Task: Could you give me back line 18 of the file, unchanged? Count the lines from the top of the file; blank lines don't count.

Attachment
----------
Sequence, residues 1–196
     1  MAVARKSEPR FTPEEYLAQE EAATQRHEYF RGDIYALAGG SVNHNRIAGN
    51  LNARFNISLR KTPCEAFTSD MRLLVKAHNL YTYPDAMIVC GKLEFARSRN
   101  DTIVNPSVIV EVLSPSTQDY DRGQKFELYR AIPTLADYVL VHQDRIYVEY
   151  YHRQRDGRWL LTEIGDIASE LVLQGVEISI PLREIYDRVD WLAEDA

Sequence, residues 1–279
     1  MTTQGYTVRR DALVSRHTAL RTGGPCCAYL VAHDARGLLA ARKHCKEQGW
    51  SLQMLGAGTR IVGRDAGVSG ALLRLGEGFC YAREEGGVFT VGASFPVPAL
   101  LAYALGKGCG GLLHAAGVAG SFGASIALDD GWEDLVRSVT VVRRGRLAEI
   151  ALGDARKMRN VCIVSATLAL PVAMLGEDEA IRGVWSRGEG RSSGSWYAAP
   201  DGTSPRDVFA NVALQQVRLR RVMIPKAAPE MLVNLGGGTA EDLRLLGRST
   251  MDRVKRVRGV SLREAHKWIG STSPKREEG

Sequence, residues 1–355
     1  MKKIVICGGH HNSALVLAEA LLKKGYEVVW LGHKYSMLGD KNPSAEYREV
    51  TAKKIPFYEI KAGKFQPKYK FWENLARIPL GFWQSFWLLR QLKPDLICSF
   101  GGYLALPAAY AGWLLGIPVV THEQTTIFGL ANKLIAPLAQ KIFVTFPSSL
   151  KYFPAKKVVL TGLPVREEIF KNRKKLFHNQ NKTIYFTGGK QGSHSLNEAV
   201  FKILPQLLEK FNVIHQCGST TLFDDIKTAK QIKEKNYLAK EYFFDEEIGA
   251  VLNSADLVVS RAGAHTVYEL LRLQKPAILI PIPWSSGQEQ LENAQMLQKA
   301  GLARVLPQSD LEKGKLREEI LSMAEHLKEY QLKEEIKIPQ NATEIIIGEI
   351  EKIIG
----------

   201  FKILPQLLEK FNVIHQCGST TLFDDIKTAK QIKEKNYLAK EYFFDEEIGA